It was the unlikeliest of turning points. A forgotten defeat of 1940 that involved friendly fire, mutiny and a commander’s failure to follow his intuition helped to forge one of Britain’s finest generals.
The two-day battle at Gallabat, on the Sudan-Ethiopia frontier, has been viewed, if at all, as an ignominious footnote. Yet a military historian argues that hard lessons learned there by the future Field Marshal Viscount William Slim paved the way for his extraordinary successes in India and Burma only a few years later.
In his paper, Professor Andrew Stewart argues that, despite a cascading sequence of disasters, Slim came close to achieving a “tremendous” breakthrough and it was only his failure to act decisively that prevented him from turning things around. He said: “People have heard of Bill Slim. But do they know where his career began? I would say at Gallabat, because he experienced this defeat, he learnt a lot and made important changes to his approach.”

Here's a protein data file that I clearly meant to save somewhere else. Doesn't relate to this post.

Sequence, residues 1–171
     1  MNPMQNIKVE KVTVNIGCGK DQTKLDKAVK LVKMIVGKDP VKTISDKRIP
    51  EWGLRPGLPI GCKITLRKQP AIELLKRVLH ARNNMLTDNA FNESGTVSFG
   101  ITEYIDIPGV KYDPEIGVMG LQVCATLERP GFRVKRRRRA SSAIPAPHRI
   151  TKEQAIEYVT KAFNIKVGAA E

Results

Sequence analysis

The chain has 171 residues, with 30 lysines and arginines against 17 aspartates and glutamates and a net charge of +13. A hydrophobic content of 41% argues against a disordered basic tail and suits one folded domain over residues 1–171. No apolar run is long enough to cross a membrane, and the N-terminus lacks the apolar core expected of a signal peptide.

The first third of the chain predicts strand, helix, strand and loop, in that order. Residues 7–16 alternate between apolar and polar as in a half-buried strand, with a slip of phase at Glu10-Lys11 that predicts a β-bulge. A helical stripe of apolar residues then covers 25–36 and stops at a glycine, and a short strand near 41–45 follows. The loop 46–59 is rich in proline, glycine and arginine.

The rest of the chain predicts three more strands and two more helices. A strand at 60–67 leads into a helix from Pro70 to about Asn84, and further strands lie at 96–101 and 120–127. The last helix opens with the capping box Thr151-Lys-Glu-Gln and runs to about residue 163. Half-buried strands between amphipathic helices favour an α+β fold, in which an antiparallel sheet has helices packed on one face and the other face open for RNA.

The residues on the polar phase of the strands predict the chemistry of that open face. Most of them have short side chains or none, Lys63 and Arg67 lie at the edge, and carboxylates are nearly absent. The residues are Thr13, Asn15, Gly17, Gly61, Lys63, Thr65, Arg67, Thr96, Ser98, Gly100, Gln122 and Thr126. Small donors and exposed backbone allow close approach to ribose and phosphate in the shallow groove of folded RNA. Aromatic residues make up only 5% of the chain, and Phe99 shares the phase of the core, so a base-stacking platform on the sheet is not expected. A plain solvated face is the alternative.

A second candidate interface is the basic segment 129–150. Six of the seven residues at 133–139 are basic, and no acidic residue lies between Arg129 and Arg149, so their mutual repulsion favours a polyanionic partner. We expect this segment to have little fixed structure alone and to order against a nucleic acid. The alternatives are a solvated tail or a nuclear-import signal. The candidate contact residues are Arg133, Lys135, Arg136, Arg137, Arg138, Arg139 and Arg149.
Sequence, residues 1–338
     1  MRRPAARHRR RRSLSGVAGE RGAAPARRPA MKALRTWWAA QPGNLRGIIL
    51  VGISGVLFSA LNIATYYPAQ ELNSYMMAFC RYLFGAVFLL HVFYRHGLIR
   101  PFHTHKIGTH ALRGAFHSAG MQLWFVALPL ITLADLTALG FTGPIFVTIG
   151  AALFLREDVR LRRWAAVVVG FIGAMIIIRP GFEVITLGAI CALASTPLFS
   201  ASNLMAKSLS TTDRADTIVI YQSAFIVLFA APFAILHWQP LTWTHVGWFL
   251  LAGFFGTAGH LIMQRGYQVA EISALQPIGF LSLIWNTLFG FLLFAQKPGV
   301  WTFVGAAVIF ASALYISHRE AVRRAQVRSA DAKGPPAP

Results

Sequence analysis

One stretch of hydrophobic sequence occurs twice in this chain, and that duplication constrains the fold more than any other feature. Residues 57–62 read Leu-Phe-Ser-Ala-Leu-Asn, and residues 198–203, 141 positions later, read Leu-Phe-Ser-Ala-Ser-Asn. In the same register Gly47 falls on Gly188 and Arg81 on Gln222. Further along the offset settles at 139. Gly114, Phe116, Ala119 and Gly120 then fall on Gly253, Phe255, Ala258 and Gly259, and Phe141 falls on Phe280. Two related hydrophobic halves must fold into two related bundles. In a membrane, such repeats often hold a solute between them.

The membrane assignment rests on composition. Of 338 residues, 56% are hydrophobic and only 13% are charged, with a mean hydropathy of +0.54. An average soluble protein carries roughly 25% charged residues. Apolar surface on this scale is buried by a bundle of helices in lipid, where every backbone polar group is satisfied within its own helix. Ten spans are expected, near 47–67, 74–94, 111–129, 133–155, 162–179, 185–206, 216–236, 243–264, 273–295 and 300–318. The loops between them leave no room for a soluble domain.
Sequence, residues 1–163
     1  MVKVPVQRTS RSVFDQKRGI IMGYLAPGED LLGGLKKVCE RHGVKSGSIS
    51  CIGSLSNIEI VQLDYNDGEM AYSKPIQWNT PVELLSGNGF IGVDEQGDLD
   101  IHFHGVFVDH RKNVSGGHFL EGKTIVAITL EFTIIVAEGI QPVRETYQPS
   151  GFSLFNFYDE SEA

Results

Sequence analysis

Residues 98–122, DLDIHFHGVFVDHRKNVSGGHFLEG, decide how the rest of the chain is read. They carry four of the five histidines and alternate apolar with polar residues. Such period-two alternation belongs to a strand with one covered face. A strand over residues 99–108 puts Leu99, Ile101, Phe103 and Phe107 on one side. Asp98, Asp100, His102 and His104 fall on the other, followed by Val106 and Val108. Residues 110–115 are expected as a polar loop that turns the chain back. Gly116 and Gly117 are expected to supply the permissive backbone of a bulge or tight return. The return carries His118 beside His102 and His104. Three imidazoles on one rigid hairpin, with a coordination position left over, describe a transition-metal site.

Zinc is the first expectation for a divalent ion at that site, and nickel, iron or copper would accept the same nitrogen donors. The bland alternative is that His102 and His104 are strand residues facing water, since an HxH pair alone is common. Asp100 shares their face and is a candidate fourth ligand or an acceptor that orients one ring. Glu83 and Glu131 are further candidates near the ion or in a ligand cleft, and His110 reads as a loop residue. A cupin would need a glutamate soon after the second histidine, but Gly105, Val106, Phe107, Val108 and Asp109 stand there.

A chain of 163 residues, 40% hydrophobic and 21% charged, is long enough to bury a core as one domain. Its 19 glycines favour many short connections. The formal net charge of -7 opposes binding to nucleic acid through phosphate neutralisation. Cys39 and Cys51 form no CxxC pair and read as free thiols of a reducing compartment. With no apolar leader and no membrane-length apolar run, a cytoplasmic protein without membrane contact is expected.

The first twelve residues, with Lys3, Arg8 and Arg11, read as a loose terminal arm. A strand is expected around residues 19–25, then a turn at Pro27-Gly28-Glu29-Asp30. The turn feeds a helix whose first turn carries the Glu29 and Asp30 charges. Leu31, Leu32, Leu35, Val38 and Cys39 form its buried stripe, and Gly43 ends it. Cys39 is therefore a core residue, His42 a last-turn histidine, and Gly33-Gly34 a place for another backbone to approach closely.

The mud and stone hilltop border fort of Gallabat in British-administered Sudan was captured by troops from Italian Ethiopia in June 1940, shortly after Italy’s declaration of war. The operation to recover the outpost in November that year was intended to open the way for the capture of Metemma, a strategic gateway position on the Ethiopian side, ahead of a major offensive in the coming months.
The audacious combined arms plan was devised by Slim, a 49-year-old brigadier and First World War veteran who had been a major only two years previously. The battle pitched Slim’s force of around 4,000 Indian, Sudanese and British soldiers against a similar number of Ethiopian and Italian troops under Lieutenant-Colonel Alessandro Castagnola. The British objective was protected by barbed wire entanglements and slopes cleared of scrub for hundreds of yards to provide a clear field of fire for the Blackshirt machine-gunners.